The BBC must survive the cull and come out fighting

Digital refuseniks in Whitehaven won't be the only viewers to lose access to BBC programmes should the good denizens of White City press ahead with their expected strike action.

Yet again Aunty has got her knickers in a twist over proposed job cuts - 2,500 of them, although 700 new posts are to be created - triggered by a supposed £2bn shortfall in the Corporation's funding over the next six years. The gap is the difference between the BBC's request for a funding increase of inflation plus 1.8% and the inflation minus 1.5% it received.

By my maths, the cut to what it currently spends is really £150m a year, and with £50m of savings already identified, that reduces to £100m, or 3% of its annual funding. Hardly a savaging of the Beeb you might think.

There are new costs, to relocate staff to Salford and for digital switchover, but these are issues that all broadcasters have to deal with.

News and factual areas are to suffer the worst of the job losses, which had John Humphrys harrumphing to his bosses over the unfairness of it all.

Yet when, according to the BBC's own director-general, it takes 37 BBC reporters to cover the story of the cuts, compared to one each from Sky News and ITN, you get the sense that there is plenty of fat to cut from. Although a cynic might suggest that the squeeze on news and factual - the favoured genres of politicians - is a tantrum over government miserliness on BBC funding.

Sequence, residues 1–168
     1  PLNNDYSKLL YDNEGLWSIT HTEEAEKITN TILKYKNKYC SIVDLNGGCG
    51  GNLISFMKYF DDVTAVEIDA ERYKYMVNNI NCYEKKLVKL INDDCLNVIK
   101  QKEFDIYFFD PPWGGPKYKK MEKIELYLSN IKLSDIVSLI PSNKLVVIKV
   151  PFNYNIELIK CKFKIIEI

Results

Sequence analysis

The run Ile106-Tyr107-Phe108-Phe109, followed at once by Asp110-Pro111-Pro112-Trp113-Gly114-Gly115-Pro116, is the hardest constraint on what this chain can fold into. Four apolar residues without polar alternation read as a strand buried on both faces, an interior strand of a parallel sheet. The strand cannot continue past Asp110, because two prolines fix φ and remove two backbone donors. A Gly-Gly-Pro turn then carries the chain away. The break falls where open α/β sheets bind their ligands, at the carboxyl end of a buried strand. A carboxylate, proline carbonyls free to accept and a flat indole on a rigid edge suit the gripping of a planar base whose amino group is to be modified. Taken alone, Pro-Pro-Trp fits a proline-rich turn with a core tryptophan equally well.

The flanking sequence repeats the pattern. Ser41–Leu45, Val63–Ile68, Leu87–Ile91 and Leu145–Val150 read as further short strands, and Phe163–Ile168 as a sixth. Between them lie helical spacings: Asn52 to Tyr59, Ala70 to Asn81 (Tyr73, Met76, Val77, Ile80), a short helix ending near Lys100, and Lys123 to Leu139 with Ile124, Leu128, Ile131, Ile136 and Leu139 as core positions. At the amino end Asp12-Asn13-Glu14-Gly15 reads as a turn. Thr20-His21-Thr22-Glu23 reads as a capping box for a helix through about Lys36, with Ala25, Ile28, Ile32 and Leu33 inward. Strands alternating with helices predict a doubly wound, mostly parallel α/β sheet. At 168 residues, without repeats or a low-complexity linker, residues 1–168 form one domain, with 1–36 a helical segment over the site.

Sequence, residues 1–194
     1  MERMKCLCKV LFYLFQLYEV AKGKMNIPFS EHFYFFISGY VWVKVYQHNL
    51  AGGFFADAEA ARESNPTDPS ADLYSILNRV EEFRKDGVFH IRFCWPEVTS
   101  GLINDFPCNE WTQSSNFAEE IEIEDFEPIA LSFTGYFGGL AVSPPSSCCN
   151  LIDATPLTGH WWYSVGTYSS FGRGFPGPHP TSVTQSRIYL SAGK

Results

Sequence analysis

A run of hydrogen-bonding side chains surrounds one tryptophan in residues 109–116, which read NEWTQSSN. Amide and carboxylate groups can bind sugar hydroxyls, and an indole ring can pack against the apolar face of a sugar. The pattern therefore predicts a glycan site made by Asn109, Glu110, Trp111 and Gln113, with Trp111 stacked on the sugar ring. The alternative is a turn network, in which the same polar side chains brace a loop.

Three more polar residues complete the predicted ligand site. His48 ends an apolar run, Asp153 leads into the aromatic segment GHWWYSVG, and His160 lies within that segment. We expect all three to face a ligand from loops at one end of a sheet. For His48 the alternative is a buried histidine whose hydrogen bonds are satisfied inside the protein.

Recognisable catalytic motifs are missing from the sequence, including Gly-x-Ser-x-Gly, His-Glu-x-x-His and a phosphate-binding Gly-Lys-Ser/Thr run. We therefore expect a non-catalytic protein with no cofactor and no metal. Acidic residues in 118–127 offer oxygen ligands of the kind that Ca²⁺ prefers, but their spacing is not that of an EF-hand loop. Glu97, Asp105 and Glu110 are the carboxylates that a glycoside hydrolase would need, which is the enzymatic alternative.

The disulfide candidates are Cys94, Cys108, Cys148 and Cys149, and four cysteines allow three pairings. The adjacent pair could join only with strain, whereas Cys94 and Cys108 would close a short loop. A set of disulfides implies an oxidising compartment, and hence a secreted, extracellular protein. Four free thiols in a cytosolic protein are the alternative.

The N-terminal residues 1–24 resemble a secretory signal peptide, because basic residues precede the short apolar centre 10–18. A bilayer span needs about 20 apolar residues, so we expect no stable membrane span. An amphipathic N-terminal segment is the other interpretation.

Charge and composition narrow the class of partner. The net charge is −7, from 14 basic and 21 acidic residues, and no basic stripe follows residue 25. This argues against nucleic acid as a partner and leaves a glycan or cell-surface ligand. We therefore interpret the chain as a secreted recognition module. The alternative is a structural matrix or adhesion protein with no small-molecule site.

Aside from shedding staff, £100m is to be cut from commissioning budgets, with the emphasis on making less, but better programmes; all perfectly reasonable, but, with four schedules to fill, it opens to question the need for both BBC3 and BBC4.

BBC bashers also jumped on last week's decision to sell advertising onto bbc.com as evidence of a bloated, over-funded institution that wants it both ways.

Yet, the BBC should be applauded for trying to extract income from the 40 million foreigners who don't pay the licencee fee but avail themselves of the free service.

Now, Mark Thompson needs to push through cuts and reforms that leave the BBC leaner and fitter for purpose.

If he fails, this licence fee settlement, cruel as Aunty may think it is, is likely to be the last.

- Colin Grimshaw is the deputy editor of Media Week.

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